Pension savings are subject to favourable tax treatment in the UK, with tax relief accorded on both contributions and investment income. Even allowing for the income tax paid on pensions when in payment, the cost of this relief to the Exchequer is substantial, estimated at around £25 billion by the Office for National Statistics for the 2015/16 tax year. The cost is controlled by the limits which legislation imposes on the amount of tax free pension saving an individual can build up each year, the individual’s lifetime allowance, and a plethora of rules governing how benefits may be taken in retirement or on death. Both the individual and the pension scheme can incur tax charges if these rules are breached.
Although employees who move abroad may have perfectly legitimate reasons for wanting to transfer the value of benefits built up in a UK pension scheme overseas, there is a risk that some transfers may be requested to ‘liberate’ retirement savings accumulated in a tax privileged environment in the UK.
The recent changes to the overseas transfers regime are aimed at promoting fairness by continuing to allow overseas transfers but subjecting them to additional controls and the new tax charge. As previously, a transfer may be made to an overseas pension scheme if it is a Qualifying Recognised Overseas Pension Scheme (QROPS). However, QROPSs are required to submit a new undertaking to HMRC in order to retain their status as of 14th April 2017, and schemes that fail to do so will have their status revoked. It should therefore not be assumed that a scheme which was formerly a QROPS will continue to be so after this date.
A transfer to an overseas scheme which is not a QROPS will be unauthorised under tax legislation, resulting in the trustees incurring a scheme sanction charge, as well as an unauthorised payment charge on the individual. The trustees would pay the scheme sanction charge from the scheme’s assets, and consequently increase costs for the employer.
The new 25% tax charge will be levied on an overseas transfer unless at least one of various exemptions applies. It can be expected that most genuine transfers will satisfy this test. For example, the overseas transfer charge will not apply if an individual is resident in the same country as the QROPS after the transfer, or if both are within the European Economic Area. One note of caution, however, is that the transfer remains subject to UK tax legislation for a period of five years after the initial transfer. This means the overseas transfer charge could apply if the individual moves to another country within the five-year period and none of the exemptions therefore apply. It can also work in reverse for an initially taxable transfer which becomes exempt within the five years, in which case the tax is refunded.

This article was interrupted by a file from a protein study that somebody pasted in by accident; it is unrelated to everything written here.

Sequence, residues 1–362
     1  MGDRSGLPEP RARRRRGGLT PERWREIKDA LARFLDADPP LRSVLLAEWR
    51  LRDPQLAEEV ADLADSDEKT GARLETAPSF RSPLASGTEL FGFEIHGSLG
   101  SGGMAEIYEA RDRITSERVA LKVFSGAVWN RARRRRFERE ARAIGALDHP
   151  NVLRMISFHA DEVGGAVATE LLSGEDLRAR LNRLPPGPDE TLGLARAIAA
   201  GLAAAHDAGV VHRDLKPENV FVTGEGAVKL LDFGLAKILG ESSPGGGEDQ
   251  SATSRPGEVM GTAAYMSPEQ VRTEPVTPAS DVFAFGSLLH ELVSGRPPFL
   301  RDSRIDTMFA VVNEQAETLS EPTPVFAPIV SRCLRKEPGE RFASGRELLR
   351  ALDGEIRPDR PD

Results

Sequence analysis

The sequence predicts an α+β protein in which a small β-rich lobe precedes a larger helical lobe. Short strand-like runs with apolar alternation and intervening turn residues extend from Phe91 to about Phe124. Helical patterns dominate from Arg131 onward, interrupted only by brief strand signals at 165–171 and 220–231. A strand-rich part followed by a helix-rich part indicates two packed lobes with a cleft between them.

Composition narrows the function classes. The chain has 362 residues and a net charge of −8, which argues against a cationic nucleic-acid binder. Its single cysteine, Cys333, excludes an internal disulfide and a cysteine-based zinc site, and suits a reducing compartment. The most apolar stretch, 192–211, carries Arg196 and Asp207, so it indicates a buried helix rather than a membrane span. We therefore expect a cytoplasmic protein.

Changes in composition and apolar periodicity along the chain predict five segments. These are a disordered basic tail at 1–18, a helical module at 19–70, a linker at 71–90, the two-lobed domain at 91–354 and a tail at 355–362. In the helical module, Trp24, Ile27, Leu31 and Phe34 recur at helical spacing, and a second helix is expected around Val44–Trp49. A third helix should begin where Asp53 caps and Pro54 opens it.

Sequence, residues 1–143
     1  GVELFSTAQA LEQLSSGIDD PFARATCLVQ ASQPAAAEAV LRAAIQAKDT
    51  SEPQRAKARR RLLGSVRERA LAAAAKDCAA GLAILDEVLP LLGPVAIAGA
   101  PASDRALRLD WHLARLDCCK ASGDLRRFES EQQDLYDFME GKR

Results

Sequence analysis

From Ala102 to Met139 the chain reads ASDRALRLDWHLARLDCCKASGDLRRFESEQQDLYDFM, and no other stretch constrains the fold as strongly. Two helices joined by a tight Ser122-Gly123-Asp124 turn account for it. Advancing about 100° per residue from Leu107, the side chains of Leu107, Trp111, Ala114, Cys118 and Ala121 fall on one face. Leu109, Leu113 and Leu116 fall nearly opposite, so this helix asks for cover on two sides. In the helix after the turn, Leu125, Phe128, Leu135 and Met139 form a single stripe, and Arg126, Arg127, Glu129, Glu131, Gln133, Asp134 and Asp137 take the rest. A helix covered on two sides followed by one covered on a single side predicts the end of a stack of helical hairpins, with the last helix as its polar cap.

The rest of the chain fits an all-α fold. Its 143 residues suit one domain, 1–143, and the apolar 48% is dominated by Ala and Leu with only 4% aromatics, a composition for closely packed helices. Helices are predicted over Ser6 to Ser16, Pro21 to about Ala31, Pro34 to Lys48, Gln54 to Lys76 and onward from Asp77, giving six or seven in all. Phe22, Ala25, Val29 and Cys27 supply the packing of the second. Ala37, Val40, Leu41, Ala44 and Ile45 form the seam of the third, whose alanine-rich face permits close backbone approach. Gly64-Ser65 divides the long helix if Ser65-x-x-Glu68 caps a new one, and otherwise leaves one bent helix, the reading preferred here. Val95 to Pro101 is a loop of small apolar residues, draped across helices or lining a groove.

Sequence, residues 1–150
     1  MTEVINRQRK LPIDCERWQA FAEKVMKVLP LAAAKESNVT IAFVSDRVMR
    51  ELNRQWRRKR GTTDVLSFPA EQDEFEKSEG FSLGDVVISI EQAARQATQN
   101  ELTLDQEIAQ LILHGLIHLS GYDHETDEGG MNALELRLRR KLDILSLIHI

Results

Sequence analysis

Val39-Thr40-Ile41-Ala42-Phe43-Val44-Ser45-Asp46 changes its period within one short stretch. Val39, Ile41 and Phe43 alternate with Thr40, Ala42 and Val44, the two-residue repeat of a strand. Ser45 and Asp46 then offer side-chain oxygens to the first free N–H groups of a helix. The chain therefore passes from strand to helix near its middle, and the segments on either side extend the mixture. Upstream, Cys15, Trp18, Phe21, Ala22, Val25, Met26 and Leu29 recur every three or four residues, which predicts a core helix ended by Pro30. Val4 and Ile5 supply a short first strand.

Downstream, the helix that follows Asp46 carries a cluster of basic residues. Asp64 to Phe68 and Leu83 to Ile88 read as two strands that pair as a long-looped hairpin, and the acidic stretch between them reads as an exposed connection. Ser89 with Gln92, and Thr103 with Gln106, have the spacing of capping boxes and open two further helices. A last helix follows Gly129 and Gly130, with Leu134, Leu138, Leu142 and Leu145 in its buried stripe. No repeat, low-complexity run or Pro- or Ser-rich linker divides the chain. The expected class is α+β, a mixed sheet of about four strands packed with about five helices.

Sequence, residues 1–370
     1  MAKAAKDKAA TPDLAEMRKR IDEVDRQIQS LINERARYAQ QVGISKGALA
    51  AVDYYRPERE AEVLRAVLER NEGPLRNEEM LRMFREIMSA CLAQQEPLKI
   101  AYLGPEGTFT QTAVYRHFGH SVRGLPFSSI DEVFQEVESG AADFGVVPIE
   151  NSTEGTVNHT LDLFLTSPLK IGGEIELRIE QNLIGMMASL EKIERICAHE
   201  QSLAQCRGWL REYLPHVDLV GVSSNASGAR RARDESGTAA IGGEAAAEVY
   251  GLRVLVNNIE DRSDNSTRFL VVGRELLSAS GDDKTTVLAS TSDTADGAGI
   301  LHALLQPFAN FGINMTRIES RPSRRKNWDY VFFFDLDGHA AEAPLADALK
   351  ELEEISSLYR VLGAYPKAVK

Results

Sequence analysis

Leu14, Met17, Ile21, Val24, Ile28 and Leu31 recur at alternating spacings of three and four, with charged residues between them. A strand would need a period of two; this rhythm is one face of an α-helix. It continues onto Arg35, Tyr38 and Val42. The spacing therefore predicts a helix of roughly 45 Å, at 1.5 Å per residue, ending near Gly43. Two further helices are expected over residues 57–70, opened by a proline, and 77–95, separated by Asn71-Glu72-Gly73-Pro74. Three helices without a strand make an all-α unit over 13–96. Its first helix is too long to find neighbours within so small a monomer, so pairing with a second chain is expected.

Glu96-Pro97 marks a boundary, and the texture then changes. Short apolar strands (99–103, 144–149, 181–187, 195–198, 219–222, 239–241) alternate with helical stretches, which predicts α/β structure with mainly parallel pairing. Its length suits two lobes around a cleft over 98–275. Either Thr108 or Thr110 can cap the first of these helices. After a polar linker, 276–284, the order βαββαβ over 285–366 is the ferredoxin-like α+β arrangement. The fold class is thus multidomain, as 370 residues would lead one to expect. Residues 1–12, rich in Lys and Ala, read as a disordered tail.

The scheme administrator of the UK pension scheme (i.e. the trustees of an occupational, trust based scheme) and the manager of a QROPS making a transfer are jointly liable for the charge, which must be deducted from the transfer value and paid across to HMRC.
The changes are expected to have a relatively modest impact on tax revenues and will not apply to many genuine overseas transfers. They may, however, reduce the scope for overseas transfers to be used for pensions liberation, or by scammers, who see overseas transfers as a means of acquiring what can often be substantial sums of money.
Max Ballad, Legal Director
The views in this article are intended for general information purposes only and should not be used as a substitute for professional advice. Arc Pensions Law and the author(s) are not responsible for any direct or indirect result arising from any reliance placed on content, including any loss, and exclude liability to the full extent. Always seek appropriate legal advice from a suitably qualified lawyer before taking, or avoiding taking, any action. If you have any questions on the points raised in the above, please do not hesitate to get in touch.